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Friday, December 4, 2015

The cover of Thursday's New York Daily News caused quite a stir.

The bold white text of "God isn't fixing this" along with screen shots of tweets from a variety of Republicans offering their "thoughts and prayers" to the families of California shooting victims was, apparently, the most re-tweeted Daily News cover ever -- and for good reason.

The thought behind the cover was an excellent impetus for a discussion that this country needs to have in the wake of what seems like the latest of our daily mass shootings. The Daily News' point: "Why only pray when you can act?" They practically spelled it out with the subhead, "As latest batch of innocent Americans are left lying in pools of blood, cowards who could truly end gun scourge continue to hide behind meaningless platitudes."

Of course, some people either intentionally or unintentionally misconstrued the cover somehow as anti-religion ... or anti-Christianity ... or anti-prayer. I believe that some people genuinely saw it that way. I also believe others just wanted to argue, which seems to be the new great American pastime. Well, that and shooting innocent people.

Personally, I couldn't agree more with the Daily News. Not that there's anything wrong with prayer. But to only pray when you have the power to do so much more is an absolute abdication of that power. And the four men on the cover of the Daily News have the power to do more. They include U.S. Sen. Ted Cruz of Texas, U.S. Sen. Rand Paul of Kentucky, U.S. Sen. Lindsey Graham of South Carolina, and U.S. Rep. Paul Ryan of Wisconsin. Ryan is the Speaker of the House, Cruz and Paul are both presidential candidates. These are people with power.

To those pointing out that those calling these guys out are also guilty of praying: You're either missing the point or intentionally deflecting from it. They're not being called out for praying. They're being called out for only praying when they have the power to do a lot more. They could enact laws or increase funding to organizations that might help to decrease the gun violence. They could, at the very least, hold hearings to figure out what the real problem is and try to come up with a resolution on how to fix it. All four of these guys on the cover of the Daily News have the power to subpoena people and compel them to be part of the solution. They've used that power on other issues. Why only pray on this one?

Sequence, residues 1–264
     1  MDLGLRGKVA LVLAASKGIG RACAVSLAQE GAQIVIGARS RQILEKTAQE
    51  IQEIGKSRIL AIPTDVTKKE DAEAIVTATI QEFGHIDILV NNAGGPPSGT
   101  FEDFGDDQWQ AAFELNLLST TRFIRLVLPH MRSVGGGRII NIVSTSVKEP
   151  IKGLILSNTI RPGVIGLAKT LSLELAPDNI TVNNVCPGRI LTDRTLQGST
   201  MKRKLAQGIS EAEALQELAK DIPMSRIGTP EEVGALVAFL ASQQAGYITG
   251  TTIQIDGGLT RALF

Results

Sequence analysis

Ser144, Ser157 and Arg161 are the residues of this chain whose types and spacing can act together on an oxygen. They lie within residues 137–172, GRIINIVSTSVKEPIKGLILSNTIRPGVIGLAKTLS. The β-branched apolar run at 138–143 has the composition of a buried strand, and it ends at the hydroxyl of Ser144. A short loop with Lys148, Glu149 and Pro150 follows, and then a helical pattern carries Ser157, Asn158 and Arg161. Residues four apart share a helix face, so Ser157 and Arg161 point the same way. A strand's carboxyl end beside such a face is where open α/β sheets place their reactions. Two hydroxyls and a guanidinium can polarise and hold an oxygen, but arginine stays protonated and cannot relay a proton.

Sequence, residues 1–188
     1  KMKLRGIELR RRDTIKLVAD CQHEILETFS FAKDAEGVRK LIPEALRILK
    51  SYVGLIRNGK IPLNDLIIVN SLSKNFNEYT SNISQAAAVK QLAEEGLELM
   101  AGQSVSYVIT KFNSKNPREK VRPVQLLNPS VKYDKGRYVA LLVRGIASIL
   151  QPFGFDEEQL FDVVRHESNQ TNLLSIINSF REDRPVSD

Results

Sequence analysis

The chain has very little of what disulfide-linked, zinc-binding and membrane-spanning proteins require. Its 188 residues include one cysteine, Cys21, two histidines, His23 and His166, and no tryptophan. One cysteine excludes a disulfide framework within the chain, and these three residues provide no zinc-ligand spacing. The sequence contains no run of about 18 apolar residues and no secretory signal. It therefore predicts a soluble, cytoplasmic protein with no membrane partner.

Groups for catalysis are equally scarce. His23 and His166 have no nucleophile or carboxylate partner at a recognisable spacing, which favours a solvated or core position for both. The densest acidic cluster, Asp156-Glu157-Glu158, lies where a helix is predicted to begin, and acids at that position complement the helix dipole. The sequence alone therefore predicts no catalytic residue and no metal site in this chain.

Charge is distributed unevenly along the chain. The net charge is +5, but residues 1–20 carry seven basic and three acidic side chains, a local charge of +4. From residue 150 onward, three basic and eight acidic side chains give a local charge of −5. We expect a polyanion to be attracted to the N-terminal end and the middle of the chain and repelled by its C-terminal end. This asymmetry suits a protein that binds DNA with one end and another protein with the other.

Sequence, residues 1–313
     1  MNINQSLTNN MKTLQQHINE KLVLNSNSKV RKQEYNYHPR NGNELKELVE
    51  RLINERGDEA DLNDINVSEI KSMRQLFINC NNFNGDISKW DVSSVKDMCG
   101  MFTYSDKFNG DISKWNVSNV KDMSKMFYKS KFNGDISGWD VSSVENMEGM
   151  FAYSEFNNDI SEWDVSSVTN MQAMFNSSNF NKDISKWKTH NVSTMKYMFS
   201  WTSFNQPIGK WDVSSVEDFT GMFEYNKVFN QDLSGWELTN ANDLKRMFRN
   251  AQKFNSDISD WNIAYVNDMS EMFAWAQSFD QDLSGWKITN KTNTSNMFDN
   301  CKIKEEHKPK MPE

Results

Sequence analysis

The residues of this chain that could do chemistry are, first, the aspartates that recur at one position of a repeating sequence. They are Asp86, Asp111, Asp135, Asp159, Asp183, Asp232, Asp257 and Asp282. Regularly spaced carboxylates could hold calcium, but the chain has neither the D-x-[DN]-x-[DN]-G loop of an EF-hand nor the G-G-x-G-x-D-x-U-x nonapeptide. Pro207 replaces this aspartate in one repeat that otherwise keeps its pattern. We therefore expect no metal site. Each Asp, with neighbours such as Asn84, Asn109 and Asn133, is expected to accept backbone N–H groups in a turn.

When we were attacked on Sept. 11, 2001, a lot of this country prayed. And then we went to war, trying to root out the terrorists that hurt us. Not just the terrorists from that day, but their network. We went after the root of the problem -- or we tried to, at least. When someone tried to bring a shoe bomb on board an airplane, we prayed -- and then enacted to air safety regulations. When someone mailed anthrax to politicians and reporters, we prayed -- and then we tightened security. When someone shot civilians in Paris, we prayed -- and then we reviewed our policies on accepting refugees from Syria.

To make this clear, when people got shot in France, Republican politicians from sea to shining sea immediately wanted to review our security procedures for refuges. When people got shot in California -- or Colorado -- or Connecticut, those same politicians thought prayer was enough to fix things.

Now there's a very valid reason that these politicians don't want to discuss the root of the issue. They're afraid that they might then have to do something to fix it. To the point, they're afraid that the expert testimony they receive might conclude that there are too many guns in America -- and they might be pushed by their constituency to enact gun control measures. Or they're afraid that they'll find that mental health is the root of the problem -- and they'll be pushed to spend money towards that problem, something they don't want to do. So instead, they pray.

If you read that last paragraph as me suggesting we disarm the American people, you misread it. And you don't know me. I may be one of Niagara County's biggest proponents of the 2nd Amendment. In fact, I believe that if the U.S. government has access to any kind of arms, the people should have the same access. How else are we to defend ourselves from the possibility of a tyrannical government? But maybe we should be a little more careful with who we give those guns to ... and hold them accountable for what happens with them.

So, I'm not calling for gun control. But I am saying that we need a summit on the topic. After the Sept. 11, 2012 attacks in Benghazi, Libya, that killed four Americans, the U.S. House created a sub-committee to try to figure out what went wrong. That sub-committee has now spent more than $5 million in taxpayer money. After 14 people in San Bernardino, Calif. got shot on Wednesday, Republicans want only to pray.

Prayer alone isn't enough. Action is needed. It was right for the Daily News to call them out. It's a discussion this country needs to have. Unfortunately, the discussion was immediately twisted to make it sound like prayer was a bad thing. It was done intentionally by people who know better because they don't want to have the discussion. They'd rather argue. And while they argue, more innocent people will be killed.

+Scott Leffler wishes prayer were enough. But experience has taught him different. Follow him on Twitter @scottleffler or email him at

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